Ebola from the front lines: AJWS’s Liberia consultant reflects on the crisis and AJWS’s work to stop it
Dayugar Johnson (“D.J.”), AJWS’s in-country consultant in Liberia, imposed a quarantine on his family soon after the Ebola epidemic struck their neighborhood in Monrovia last year. He was especially strict with his children.
“If you leave,” he warned them, “don’t return for 21 days!”
When they needed groceries, D.J. drove his wife to avoid taxis, which proved a dangerous virus transmission source. They only left the house dressed in long layers of clothing and armed with bottles of diluted chlorine to sanitize their hands. The kids couldn’t play with the neighbors, and hand-washing became ritualistic.
During the height of the epidemic, the road the Johnsons live on—normally teeming with traffic—was eerily quiet, except for the constant fleet of emergency vehicles headed to the nearby crematorium.
“On a daily basis,” D.J. told AJWS, “you heard the sirens going up and down carrying loads and loads of bodies. Death was everywhere. People died on the streets.”
At least 4,716 people, to be exact, have died of Ebola in Liberia since March 2014, according to the Centers for Disease Control and Prevention. There have been more than 26,000 cases in West Africa overall. Liberia’s last known victim of Ebola died on March 27. Barring the discovery of a new case, Liberian officials are prepared to declare the country Ebola-free on May 9, after conducting a 42-day countdown.
AJWS on the ground
In two conference calls for AJWS supporters and interviews with AJWS, D.J. recently spoke about his work with AJWS grantees to stop the epidemic. He explained that 19 courageous organizations used AJWS funding to teach people in their communities how to implement the kinds of precautions that D.J. enforced on his family. Even as quarantine and travel bans restricted his work during the worst parts of the crisis, he continued to support grantees via phone and internet.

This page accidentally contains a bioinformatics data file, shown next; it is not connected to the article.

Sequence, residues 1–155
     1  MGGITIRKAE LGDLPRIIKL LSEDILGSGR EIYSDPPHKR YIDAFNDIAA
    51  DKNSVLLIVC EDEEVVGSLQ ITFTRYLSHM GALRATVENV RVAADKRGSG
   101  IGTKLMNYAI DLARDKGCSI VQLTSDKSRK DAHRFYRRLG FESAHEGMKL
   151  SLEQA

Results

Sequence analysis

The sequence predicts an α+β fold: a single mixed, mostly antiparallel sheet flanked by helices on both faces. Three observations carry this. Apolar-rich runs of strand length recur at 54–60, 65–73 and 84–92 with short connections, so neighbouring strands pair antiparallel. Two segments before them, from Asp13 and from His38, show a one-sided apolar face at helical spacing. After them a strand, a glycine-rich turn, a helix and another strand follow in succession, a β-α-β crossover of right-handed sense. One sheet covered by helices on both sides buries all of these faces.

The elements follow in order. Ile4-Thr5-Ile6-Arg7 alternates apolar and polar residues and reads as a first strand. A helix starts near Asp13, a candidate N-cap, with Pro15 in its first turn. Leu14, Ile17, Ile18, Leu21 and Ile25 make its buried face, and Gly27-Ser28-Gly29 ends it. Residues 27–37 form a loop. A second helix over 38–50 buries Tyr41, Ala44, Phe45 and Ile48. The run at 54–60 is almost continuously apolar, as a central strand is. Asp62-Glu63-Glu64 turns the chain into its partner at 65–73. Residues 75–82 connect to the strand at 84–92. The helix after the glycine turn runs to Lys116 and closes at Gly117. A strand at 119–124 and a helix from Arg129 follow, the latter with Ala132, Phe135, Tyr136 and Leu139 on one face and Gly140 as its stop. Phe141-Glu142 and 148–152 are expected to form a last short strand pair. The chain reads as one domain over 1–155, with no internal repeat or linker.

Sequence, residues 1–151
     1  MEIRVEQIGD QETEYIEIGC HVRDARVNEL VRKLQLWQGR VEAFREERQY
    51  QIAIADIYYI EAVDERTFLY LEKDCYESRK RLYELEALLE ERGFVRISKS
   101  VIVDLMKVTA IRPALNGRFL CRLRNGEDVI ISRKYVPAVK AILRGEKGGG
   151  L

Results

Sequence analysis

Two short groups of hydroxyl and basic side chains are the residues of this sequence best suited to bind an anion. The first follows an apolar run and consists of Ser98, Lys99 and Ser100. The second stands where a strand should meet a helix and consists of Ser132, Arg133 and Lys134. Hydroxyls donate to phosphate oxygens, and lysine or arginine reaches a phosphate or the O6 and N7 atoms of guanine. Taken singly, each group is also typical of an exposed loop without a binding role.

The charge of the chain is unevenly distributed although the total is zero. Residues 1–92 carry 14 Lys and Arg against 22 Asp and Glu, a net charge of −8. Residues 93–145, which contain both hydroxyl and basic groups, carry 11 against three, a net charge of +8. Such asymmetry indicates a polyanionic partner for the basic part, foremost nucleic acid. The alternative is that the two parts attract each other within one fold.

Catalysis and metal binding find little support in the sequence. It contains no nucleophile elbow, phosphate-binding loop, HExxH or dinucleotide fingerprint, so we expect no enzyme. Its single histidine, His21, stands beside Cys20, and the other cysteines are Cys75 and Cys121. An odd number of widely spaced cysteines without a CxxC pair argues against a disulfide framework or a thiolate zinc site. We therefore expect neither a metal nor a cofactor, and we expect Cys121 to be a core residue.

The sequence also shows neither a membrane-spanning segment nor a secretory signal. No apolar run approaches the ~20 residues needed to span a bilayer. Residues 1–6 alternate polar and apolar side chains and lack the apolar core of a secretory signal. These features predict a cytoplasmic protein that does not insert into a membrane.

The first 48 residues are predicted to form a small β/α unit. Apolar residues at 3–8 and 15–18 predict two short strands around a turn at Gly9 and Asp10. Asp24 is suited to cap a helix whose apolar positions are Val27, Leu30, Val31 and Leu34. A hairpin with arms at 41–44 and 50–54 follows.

AJWS has worked in Liberia since 2003, and until Ebola hit, had provided more than $1.7 million in grants to advance human rights in the country.
When the Ebola crisis swelled last August, AJWS sent more than $763,000 in emergency aid to help its grantees lead public health campaigns; go door-to-door to educate communities about the virus; train religious leaders, women’s groups and media organizations to educate Liberians in their own languages; provide health care and psychosocial support to communities and work to stop stigma and discrimination against Ebola survivors; and collaborate with county health teams and task forces to ensure a coordinated response to the epidemic.
Overcoming the witchcraft myth